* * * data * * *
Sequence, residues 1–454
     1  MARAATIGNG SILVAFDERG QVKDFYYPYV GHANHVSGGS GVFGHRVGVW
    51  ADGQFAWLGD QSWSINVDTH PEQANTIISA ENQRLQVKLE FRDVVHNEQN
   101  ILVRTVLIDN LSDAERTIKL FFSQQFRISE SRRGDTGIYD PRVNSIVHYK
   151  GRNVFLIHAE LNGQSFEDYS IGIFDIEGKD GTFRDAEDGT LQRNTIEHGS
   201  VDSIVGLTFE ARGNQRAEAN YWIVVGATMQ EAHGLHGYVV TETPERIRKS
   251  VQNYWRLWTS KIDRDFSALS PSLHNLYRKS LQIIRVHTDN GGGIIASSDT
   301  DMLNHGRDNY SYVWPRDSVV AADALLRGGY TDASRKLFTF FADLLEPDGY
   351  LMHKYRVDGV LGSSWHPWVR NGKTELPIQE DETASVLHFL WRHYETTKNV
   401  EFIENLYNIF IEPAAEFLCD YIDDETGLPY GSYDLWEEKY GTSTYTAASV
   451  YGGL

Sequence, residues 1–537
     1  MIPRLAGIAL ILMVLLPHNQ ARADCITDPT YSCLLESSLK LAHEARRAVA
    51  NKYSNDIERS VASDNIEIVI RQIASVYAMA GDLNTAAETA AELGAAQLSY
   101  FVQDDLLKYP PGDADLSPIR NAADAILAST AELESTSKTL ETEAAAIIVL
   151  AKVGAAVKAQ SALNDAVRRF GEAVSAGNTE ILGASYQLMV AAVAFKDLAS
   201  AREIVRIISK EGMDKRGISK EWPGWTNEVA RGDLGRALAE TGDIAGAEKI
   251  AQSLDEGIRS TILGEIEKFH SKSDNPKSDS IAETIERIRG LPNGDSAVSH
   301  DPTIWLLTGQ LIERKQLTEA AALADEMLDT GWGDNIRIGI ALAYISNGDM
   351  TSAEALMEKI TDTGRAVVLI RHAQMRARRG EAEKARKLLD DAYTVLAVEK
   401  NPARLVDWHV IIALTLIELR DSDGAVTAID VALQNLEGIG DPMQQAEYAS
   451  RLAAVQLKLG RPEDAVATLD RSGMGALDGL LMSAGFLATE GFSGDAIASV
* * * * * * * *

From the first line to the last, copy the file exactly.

Sequence, residues 1–454
     1  MARAATIGNG SILVAFDERG QVKDFYYPYV GHANHVSGGS GVFGHRVGVW
    51  ADGQFAWLGD QSWSINVDTH PEQANTIISA ENQRLQVKLE FRDVVHNEQN
   101  ILVRTVLIDN LSDAERTIKL FFSQQFRISE SRRGDTGIYD PRVNSIVHYK
   151  GRNVFLIHAE LNGQSFEDYS IGIFDIEGKD GTFRDAEDGT LQRNTIEHGS
   201  VDSIVGLTFE ARGNQRAEAN YWIVVGATMQ EAHGLHGYVV TETPERIRKS
   251  VQNYWRLWTS KIDRDFSALS PSLHNLYRKS LQIIRVHTDN GGGIIASSDT
   301  DMLNHGRDNY SYVWPRDSVV AADALLRGGY TDASRKLFTF FADLLEPDGY
   351  LMHKYRVDGV LGSSWHPWVR NGKTELPIQE DETASVLHFL WRHYETTKNV
   401  EFIENLYNIF IEPAAEFLCD YIDDETGLPY GSYDLWEEKY GTSTYTAASV
   451  YGGL

Sequence, residues 1–537
     1  MIPRLAGIAL ILMVLLPHNQ ARADCITDPT YSCLLESSLK LAHEARRAVA
    51  NKYSNDIERS VASDNIEIVI RQIASVYAMA GDLNTAAETA AELGAAQLSY
   101  FVQDDLLKYP PGDADLSPIR NAADAILAST AELESTSKTL ETEAAAIIVL
   151  AKVGAAVKAQ SALNDAVRRF GEAVSAGNTE ILGASYQLMV AAVAFKDLAS
   201  AREIVRIISK EGMDKRGISK EWPGWTNEVA RGDLGRALAE TGDIAGAEKI
   251  AQSLDEGIRS TILGEIEKFH SKSDNPKSDS IAETIERIRG LPNGDSAVSH
   301  DPTIWLLTGQ LIERKQLTEA AALADEMLDT GWGDNIRIGI ALAYISNGDM
   351  TSAEALMEKI TDTGRAVVLI RHAQMRARRG EAEKARKLLD DAYTVLAVEK
   401  NPARLVDWHV IIALTLIELR DSDGAVTAID VALQNLEGIG DPMQQAEYAS
   451  RLAAVQLKLG RPEDAVATLD RSGMGALDGL LMSAGFLATE GFSGDAIASV